Published by the Pulitzer Center on Crisis Reporting, April 2011. Natalia Manzurova was a 35-year-old nuclear engineer in Russia when she was assigned to be part of the clean-up crew at the Chernobyl plant in northern Ukraine, the site of the worst nuclear accident in history. She experienced the noxious effects of nuclear power firsthand. On the 25th anniversary of the disaster, Manzurova shares her story and her advice to the people of Japan following the Fukushima catastrophe.
Fourteen instructional segments on video shooting and editing techniques commissioned by the Pulitzer Center, YouTube, Sony Vaio and Intel for the 2010 Project Report competition. Anchored by Christina Paschyn.
Published by the Pulitzer Center, Sept. 2010. Luis Moreno-Ocampo, Prosecutor of the International Criminal Court (ICC) speaks on the connection between the Sudanese government in Khartoum and the Lord’s Resistance Army, what the international community can do to facilitate the arrests of war crime criminals and more.
Published by the Pulitzer Center, June 2010. Ashley Judd and Karl Hofmann of Population Services International discuss the need for family planning for the world’s growing population.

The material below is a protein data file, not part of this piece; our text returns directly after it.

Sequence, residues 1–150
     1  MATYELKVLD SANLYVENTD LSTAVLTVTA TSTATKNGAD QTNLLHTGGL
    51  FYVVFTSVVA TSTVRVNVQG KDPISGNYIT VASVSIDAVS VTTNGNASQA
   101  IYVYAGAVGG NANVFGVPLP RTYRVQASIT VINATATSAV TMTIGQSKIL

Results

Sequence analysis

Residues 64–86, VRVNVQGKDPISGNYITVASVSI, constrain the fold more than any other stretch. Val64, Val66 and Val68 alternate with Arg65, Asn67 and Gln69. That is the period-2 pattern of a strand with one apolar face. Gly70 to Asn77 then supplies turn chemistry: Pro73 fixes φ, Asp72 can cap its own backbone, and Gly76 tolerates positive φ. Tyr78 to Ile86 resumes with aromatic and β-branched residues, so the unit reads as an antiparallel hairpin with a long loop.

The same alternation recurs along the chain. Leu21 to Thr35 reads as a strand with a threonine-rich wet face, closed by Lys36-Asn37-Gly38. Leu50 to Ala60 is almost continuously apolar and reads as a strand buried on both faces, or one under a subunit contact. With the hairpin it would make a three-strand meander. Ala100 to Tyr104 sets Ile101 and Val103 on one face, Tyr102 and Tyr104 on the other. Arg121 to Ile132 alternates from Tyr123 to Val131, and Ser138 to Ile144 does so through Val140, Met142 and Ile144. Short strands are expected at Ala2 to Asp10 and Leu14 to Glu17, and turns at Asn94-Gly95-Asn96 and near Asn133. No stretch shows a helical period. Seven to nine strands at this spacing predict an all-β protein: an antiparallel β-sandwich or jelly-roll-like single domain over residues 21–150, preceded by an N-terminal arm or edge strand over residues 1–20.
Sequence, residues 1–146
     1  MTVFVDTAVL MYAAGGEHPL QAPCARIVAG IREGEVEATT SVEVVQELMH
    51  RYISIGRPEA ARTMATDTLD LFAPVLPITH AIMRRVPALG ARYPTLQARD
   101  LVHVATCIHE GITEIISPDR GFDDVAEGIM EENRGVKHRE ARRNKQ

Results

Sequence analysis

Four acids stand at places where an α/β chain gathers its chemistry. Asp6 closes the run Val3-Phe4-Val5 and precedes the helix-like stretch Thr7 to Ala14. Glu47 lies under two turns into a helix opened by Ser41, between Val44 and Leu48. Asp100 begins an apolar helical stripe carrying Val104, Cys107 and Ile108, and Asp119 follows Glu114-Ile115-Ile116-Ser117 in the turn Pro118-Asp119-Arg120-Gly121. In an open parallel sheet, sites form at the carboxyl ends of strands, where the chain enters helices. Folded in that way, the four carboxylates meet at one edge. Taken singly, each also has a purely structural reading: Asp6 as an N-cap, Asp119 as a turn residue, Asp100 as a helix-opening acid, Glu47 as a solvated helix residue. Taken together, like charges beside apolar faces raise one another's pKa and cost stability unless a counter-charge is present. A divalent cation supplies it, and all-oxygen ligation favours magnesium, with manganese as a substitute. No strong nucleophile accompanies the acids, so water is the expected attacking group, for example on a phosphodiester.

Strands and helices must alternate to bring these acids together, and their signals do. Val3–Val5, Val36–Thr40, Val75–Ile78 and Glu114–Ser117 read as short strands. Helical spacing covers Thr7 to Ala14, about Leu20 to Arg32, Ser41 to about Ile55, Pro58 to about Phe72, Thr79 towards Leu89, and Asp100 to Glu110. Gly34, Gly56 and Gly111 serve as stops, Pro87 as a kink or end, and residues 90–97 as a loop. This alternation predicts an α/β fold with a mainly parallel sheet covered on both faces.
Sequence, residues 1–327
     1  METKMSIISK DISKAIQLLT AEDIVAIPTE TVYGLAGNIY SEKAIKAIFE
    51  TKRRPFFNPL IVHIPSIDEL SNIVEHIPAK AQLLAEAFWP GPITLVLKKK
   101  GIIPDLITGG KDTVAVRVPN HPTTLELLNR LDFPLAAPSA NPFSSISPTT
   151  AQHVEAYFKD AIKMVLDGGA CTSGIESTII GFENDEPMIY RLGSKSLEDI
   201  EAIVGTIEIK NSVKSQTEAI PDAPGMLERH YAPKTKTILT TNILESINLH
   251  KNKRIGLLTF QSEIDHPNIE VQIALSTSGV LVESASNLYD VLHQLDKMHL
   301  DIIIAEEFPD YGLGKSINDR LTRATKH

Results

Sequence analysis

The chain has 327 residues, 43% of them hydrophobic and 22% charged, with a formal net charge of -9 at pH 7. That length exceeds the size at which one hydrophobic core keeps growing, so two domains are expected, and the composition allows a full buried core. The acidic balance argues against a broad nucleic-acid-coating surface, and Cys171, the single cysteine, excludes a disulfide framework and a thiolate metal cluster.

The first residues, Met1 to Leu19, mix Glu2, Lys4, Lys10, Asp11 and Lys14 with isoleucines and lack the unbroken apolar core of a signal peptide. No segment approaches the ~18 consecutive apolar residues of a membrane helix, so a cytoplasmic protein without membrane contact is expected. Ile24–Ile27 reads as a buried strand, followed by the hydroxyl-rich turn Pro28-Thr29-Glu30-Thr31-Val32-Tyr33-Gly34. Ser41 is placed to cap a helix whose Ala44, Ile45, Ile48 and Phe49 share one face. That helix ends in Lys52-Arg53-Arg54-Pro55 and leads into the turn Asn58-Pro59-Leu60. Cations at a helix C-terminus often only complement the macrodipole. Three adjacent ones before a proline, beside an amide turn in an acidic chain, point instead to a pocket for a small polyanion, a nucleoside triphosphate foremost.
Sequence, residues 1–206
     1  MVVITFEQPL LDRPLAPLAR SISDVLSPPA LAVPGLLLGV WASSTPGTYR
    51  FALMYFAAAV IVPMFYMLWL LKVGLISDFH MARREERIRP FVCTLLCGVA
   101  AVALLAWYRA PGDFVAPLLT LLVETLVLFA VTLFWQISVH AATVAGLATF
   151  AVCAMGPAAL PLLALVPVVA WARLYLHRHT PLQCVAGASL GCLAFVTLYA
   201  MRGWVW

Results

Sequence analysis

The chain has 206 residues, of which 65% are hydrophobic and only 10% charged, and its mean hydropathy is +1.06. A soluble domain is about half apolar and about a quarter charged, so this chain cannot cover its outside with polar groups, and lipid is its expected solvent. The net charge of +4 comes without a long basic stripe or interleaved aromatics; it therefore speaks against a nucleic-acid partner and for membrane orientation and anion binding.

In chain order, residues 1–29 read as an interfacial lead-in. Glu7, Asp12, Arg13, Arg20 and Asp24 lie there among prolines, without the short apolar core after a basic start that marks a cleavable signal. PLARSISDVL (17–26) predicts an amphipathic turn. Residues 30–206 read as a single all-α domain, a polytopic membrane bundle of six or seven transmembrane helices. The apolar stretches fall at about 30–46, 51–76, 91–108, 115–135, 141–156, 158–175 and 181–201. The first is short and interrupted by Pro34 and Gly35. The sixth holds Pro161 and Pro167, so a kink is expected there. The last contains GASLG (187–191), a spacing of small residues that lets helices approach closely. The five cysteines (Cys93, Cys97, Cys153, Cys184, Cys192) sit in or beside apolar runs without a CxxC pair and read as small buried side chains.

Published by the Pulitzer Center on Crisis Reporting, May 2010. Hundreds of thousands of women worldwide continue to die annually from preventable and treatable pregnancy-related complications. Many of these deaths are rooted in societal ills like gender violence and child marriage.
General Scott Gration, the president’s special envoy for Sudan, testified May 12 before the U.S. Senate Committee on Foreign Relations. Published by the Pulitzer Center, May 2010. Just returned from travels to East Africa, Gration delivered a message of urgency. While plans to improve Sudan’s security situation in time for the January 2011 referendum on Southern independence lag behind schedule, success is still possible if the international community takes immediate action.
Published by the Pulitzer Center on Crisis Reporting, April 2010. Koor Garang is one of the “Lost Boys” of Sudan. Forced to flee the country as a child, Garang eventually moved to the U.S. In this interview, Garang discusses his return to Sudan, the dire health situation there, and the upcoming referendum in which South Sudan will vote on whether to secede from the North.